• “I’ve earned every wrinkle and creak in my body.”
  • “This is the cost of living longer.”
  • “I’m happy being who I am right now.”
  • “This is exactly the right age for me.”

Getting older isn’t only a downhill slide; we can always find positives. No matter how dismal life seems, we can choose to stay positive.

For example, my faith has grown stronger and my attachment to others is deeper. I’m free to say no. The older I get, the more I know the relationships I want to maintain and those I want to let go.

Regardless of the number of my years, I’m exactly the right age to increase my joy and appreciate all the goodness of life. I relish the freedom and the joy of life instead of thinking how terrible it is to get old. I regularly say to myself, “This is the life I’ve been preparing to live. Now I’ll enjoy it.”

What about you and your age? Can you say these words below?


Cecil Murphey


Thanks to Cec for permitting me to publish this article from his most recent monthly newsletter. He has said what I so often think (or realize I should think), but he’s done it much more eloquently.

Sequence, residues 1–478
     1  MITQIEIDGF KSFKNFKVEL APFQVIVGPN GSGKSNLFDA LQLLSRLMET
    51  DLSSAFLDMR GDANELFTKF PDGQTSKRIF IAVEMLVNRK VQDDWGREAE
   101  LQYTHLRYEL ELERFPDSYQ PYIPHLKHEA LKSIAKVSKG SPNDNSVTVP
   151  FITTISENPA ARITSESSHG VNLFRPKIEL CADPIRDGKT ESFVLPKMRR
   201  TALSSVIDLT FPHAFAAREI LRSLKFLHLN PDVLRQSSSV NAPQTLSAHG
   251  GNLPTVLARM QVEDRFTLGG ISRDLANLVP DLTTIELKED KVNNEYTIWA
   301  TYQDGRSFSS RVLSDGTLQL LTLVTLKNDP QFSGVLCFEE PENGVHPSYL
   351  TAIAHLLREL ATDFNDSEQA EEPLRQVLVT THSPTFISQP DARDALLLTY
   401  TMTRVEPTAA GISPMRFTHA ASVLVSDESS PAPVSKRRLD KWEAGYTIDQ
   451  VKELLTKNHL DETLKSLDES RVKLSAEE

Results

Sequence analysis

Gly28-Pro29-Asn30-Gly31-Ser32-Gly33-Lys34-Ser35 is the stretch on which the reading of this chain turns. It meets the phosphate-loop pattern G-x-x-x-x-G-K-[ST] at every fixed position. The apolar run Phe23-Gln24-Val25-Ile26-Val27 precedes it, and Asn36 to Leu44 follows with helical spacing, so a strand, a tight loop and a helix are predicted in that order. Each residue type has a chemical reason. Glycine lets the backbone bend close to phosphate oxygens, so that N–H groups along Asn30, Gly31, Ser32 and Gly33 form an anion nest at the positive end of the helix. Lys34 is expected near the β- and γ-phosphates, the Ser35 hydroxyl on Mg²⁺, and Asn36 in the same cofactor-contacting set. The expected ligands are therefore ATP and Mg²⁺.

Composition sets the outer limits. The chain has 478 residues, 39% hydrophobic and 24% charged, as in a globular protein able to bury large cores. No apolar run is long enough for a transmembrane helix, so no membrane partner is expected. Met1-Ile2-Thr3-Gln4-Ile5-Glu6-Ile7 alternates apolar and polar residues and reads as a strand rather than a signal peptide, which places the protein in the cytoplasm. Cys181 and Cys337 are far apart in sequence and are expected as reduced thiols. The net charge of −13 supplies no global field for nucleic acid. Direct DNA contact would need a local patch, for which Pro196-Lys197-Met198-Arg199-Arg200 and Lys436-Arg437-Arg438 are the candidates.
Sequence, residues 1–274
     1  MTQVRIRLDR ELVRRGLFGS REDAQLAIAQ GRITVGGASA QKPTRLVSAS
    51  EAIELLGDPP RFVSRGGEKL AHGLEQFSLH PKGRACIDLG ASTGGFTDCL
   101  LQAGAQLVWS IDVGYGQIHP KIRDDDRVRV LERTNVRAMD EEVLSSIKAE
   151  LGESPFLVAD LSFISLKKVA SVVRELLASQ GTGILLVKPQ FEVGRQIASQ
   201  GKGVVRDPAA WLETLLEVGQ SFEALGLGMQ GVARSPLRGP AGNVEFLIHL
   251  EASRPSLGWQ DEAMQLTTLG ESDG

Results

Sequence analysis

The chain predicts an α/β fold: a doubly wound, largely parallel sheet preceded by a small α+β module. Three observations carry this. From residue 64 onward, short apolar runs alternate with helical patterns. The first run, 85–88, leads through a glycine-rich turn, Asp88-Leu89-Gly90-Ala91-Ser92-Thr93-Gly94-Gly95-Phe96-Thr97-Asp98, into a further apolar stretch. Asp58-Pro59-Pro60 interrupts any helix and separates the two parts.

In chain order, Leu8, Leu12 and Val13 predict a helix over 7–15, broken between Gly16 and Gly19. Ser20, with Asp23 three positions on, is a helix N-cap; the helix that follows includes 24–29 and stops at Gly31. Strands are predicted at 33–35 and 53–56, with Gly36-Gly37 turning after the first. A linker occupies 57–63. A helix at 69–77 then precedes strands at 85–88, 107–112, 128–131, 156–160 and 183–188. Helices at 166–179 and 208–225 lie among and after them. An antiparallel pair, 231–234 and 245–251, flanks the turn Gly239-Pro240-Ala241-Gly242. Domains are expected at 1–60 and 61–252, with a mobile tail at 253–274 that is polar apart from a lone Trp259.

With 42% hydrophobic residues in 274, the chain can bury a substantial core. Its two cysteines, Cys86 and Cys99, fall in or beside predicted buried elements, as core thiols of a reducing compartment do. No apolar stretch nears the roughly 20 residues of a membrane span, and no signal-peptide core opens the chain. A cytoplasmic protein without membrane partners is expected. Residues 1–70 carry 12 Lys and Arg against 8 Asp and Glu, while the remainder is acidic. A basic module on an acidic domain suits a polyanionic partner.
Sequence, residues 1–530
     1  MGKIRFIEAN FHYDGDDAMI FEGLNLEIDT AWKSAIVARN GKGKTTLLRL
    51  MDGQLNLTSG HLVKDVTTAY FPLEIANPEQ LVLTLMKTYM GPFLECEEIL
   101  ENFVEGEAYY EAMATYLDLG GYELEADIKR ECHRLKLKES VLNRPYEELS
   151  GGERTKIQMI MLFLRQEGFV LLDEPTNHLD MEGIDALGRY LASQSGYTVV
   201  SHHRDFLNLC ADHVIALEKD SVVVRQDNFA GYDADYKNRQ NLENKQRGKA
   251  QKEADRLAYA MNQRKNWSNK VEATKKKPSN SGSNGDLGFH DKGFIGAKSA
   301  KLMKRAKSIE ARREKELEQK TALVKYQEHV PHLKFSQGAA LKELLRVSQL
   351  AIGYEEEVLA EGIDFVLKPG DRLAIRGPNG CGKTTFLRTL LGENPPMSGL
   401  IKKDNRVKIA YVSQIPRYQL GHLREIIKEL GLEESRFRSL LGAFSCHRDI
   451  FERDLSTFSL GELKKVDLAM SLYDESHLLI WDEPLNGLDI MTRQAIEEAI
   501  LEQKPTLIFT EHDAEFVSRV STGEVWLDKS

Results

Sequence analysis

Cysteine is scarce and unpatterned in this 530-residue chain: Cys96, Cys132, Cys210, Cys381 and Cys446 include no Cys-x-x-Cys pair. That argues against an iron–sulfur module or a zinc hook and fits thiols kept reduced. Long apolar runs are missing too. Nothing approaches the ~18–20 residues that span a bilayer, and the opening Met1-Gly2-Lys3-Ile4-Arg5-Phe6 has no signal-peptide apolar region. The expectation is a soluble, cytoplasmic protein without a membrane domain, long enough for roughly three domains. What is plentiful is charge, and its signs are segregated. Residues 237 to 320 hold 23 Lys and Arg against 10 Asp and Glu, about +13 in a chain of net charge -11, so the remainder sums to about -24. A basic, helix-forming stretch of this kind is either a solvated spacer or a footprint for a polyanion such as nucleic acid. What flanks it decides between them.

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Who Would I Rather Be?

As a child, I don’t recall wishing I was someone else, although I admired Roy Rogers enough I wished I could be like him. I was too young and immature to think my parents would take my desire for a horse seriously, however, especially since I’d never been on anything more than merry-go-round ponies.

I don’t recall wanting to be someone else as a teen, either. But, while I spent hours mastering the guitar–if indeed one ever masters it to his own satisfaction–and watching various folk singers on Hootenanny, I feel certain I had dreams of being admired on the same kind of stage. But then the “folk fad” dissolved, and “folk rock” took over. That wasn’t my thing.